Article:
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Saturnalia Veneziana

George Washington University Lisner Auditorium
12/05/2009 -  & December 6m*, 11, 12m, 12, 13m, 13, 2009
The Christmas Revels (An Italian Renaissance Winter Solstice Celebration)
The Washington Revels: Emma Jaster (Smeraldina), Morgan Duncan (Il Doge di Venezia, La Befana), Elizabeth Fulford Miller (La Dogaressa, Music Director), Greg Lewis (Executive Director, Lorenzo de’ Medici), Marc Lewis (Piero de’ Medici), Oran Sandel (Leonardo da Vinci), Jane Bloodworth, Shauna Kreidler, Joanna Franco Marsh (Solo Vocalists), Rachel Carlson (Solo Vocalist, Assistant Music Director)
Jamie Sandel (Violin), Piffaro Renaissance Band, La Danza Tradizionale, Cutting Edge Sword Dancers, I Trombadori di Venezia (Brass Ensemble), La Capella di Cantori (Adult Chorus), I Giovani Gioiosi (Teen Chorus), I Ragazzi Allegri (Children’s Chorus)
Roberta Gasbarre (Stage Director), Colin Bills (Set and Lighting Design), Gil Thompson (Stage Manager), Lois Dunlop (Costumes), Steve Cosby (Technical Director), Charlie Pilzer (Sound Designer), Dave Gevanthor (Sound Engineer), Eric Annis (Production Manager), Terry Espenschied (Stage Technician)

O. Sandel (© Sheppard Ferguson)

The Washington Revels has been a popular and thriving cultural institution in Washington for more than twenty-five years. They are a community-based organization producing staged concerts of traditional music, dance, and drama from many cultures and eras. Besides the “Christmas Revels,” they also hold a “May Revels,” a “Spring Celebration,” a “Summer Solstice Festival,” and a “Harvest Dance.” The “Christmas Revels,” however, is by far their grandest and mostly widely attended event. In reality it is a celebration of the Winter Solstice, which includes Christmas.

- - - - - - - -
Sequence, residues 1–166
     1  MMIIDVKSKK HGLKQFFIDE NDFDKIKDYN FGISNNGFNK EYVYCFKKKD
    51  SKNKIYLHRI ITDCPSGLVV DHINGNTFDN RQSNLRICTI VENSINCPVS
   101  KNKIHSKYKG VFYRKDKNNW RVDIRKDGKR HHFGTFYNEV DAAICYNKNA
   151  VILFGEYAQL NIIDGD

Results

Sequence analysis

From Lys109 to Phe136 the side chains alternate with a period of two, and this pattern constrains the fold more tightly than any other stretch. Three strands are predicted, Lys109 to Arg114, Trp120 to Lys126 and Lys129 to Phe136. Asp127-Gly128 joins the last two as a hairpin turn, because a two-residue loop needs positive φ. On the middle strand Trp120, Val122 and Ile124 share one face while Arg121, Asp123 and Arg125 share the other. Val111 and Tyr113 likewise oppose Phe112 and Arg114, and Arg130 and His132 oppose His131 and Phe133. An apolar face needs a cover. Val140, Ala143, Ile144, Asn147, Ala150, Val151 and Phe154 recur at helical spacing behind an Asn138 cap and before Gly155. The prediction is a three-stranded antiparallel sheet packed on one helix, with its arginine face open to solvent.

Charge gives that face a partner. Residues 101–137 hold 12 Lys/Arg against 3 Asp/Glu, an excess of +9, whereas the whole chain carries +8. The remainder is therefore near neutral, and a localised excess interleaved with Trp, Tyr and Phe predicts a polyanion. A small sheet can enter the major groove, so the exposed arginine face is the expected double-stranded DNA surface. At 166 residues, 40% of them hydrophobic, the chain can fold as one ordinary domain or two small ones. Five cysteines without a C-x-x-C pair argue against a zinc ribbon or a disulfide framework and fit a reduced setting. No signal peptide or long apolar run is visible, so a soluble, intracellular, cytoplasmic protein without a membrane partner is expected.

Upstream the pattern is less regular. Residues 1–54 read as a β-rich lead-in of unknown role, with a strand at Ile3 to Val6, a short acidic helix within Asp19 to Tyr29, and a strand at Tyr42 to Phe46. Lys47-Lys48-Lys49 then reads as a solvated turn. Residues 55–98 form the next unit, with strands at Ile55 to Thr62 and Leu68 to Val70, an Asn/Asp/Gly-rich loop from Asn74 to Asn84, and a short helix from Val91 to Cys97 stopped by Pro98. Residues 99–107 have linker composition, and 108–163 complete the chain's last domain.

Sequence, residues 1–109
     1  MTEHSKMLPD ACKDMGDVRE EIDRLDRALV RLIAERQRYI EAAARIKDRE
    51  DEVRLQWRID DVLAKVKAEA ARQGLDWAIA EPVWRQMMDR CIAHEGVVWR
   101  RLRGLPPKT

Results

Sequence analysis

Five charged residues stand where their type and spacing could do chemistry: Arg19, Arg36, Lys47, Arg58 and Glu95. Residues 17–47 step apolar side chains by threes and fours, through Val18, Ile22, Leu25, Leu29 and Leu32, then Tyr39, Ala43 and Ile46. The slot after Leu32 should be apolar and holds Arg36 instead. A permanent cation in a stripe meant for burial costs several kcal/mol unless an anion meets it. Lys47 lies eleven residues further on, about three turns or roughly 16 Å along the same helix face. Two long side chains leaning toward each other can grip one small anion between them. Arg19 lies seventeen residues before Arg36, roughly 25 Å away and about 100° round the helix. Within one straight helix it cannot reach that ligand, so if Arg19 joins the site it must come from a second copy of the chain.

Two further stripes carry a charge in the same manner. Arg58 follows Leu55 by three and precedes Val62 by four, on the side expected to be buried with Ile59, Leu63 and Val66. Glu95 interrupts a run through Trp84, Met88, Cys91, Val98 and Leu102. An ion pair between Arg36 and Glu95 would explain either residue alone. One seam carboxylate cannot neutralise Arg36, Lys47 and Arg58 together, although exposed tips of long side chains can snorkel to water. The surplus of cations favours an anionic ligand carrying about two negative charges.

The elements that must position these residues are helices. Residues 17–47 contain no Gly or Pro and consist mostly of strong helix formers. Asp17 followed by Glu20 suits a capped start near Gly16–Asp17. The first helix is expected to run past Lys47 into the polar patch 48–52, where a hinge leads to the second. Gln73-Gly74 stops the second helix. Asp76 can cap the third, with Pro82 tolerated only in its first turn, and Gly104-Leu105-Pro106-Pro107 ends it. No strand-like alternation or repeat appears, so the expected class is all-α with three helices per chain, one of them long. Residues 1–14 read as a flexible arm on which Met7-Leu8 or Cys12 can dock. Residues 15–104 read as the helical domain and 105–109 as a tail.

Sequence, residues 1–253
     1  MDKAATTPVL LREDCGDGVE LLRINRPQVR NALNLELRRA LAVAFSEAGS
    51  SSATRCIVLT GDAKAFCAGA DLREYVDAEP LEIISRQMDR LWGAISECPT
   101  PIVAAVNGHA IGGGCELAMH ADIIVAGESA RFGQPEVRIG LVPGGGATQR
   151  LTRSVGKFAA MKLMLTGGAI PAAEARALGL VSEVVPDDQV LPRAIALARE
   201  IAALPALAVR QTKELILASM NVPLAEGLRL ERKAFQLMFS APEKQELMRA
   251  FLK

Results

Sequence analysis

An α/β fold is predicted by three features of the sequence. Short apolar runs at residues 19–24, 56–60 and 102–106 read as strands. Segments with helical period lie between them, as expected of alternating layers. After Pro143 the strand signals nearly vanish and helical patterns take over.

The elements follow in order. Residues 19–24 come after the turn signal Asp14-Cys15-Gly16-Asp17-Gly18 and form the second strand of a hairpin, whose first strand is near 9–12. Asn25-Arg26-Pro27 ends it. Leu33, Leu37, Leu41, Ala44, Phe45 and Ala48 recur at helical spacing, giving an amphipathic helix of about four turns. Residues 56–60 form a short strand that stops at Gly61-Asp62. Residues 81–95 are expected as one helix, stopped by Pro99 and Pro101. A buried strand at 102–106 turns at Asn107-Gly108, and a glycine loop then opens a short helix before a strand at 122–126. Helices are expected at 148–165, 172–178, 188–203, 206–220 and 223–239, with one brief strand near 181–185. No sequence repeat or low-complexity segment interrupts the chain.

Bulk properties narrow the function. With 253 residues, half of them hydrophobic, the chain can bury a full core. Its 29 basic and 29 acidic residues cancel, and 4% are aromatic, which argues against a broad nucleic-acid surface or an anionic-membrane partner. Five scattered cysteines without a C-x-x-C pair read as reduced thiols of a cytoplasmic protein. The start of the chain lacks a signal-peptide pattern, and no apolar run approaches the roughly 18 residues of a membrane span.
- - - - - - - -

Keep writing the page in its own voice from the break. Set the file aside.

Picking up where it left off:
The Roman tradition of celebrating Christmas and New Year’s incorporates two pagan feasts, the Saturnalia and the Sol Invictus, but this approach has significantly influenced how this Christian holiday has been celebrated all over the world for centuries. This year’s “Christmas Revels” was a celebration of the Italian Renaissance and set in Venice. It included a set of stock characters such as Leonardo da Vinci, Lorenzo de’ Medici, Il Doge di Venezia e La Dogaressa, La Befana (a witch who leaves a lump of coal in the stockings of bad children), and even Lucrezia Borgia. There is semblance of a story line, just enough to set the musical numbers, which hang like colorful holiday ornaments on an evergreen tree. This year’s story concerns a party given by Da Vinci to which all of the important citizens of Venice are invited. He is found asleep and unprepared to receive guests, so he entertains the company by comically philosophizing and demonstrating some recent inventions (the ones that never worked) like his flying machine. Oren Sandel humorously plays the character of Leonardo in broad strokes. The role of Lorenzo de’ Medici, strongly animated by Greg Lewis, is devised as more or less of a Master of Ceremonies, who openly communicates with the audience and leads them in the communal rounds, sing-a-longs, and the traditional “Lord of the Dance” in which the company forms a “Conga Line” with the audience and dances their way into the lobby for intermission. This routine has nothing whatever to do with the Italian Renaissance, but it is a popular tradition of “The Christmas Revels,” and the audience, in general, loves to participate.